Check the DISPLAY variable when you are logged in to the remote server; it should say something like remote_host:14.0. You now can start any graphical UNIX application, and it will be displayed on your Windows desktop.
While testing the graphical applications, I noticed that a number of GNOME applications are included in the package list. All the libraries that you need to run GNOME programs already are ported, but a full-blown desktop is not available yet--unless you do some compilation yourself, of course. As a workaround, use the standard -query option to the X server to display a complete remote desktop:
/usr/X11R6/bin/XWin.exe -query remote_host
On Solaris, the XDMCP feature still is enabled by default. On Linux, you need to change your XDM configuration, preferably serve fonts and your GNOME or KDE configuration. On my Fedora box, I did the following:
Comment the line DisplayManager.requestPort in /etc/X11/xdm/xdm-config.
Uncomment #* # any host can get a login window line in /etc/xdm/Xaccess.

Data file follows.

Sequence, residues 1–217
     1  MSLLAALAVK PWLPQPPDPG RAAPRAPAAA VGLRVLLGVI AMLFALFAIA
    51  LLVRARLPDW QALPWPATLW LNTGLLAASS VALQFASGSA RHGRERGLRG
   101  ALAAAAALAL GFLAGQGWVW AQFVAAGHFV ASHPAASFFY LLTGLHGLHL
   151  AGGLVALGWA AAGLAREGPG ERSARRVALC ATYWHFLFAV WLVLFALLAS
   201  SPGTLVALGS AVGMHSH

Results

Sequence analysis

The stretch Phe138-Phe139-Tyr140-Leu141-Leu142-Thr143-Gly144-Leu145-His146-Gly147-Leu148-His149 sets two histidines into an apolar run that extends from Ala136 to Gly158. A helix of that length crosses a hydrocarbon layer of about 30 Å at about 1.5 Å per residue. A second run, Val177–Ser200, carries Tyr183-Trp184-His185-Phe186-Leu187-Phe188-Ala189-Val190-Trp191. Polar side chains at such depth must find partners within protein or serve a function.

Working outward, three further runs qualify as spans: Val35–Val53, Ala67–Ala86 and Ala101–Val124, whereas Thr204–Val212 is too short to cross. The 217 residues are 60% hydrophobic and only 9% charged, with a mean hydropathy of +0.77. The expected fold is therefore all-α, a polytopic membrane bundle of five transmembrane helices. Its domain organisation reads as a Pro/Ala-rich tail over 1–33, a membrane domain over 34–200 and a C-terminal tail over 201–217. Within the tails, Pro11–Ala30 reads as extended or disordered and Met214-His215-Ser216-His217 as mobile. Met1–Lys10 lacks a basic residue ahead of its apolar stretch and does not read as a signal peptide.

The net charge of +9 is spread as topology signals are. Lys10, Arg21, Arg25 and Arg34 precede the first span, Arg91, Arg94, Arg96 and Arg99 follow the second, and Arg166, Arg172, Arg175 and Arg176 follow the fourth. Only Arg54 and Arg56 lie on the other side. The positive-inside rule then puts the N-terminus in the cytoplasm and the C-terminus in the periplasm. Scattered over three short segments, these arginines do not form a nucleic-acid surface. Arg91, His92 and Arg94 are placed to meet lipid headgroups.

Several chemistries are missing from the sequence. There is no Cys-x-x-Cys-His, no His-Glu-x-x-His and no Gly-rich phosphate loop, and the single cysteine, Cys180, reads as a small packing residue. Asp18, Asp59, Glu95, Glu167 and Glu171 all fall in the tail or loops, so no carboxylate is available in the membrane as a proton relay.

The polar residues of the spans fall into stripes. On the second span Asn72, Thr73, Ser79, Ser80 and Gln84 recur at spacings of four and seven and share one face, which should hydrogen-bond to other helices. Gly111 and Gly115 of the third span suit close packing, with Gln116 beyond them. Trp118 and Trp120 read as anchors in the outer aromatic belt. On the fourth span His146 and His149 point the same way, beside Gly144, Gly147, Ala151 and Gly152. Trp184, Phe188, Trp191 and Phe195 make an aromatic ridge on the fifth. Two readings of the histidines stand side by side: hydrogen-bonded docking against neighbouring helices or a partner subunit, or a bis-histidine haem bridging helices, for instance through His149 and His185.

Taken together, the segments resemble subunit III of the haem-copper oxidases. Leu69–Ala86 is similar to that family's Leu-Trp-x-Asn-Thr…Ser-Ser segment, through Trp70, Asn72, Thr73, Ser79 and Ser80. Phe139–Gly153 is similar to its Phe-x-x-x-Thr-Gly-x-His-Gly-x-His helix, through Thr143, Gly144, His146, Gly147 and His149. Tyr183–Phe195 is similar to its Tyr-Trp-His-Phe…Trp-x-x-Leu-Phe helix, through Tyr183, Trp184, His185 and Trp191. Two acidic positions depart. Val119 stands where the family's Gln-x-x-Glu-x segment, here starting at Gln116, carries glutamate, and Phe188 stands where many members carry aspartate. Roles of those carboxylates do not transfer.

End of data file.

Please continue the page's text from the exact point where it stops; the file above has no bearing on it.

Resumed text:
Comment no-listen = tcp in /etc/X11/fs/config.
Run /etc/init.d/xfs restart
In /etc/X11/gdm/gdm.conf, change Enable=false to Enable=true.
Run pkill -HUP gdm.
Then, from the Windows station, make sure that the X server is stopped before entering the X -query command.
This kind of remote display, however, is not optimized. I included it here only to demonstrate the capabilities of Cygwin. A faster solution is the VNC client/server. In this method, the client goes on your Windows machine, and the server either is enabled through the inet daemon or is run independently on any UNIX system. If you need to display only one application, the method described above--the example with SSH and xclock--probably is the fastest. The data automatically is compressed through the secure connection.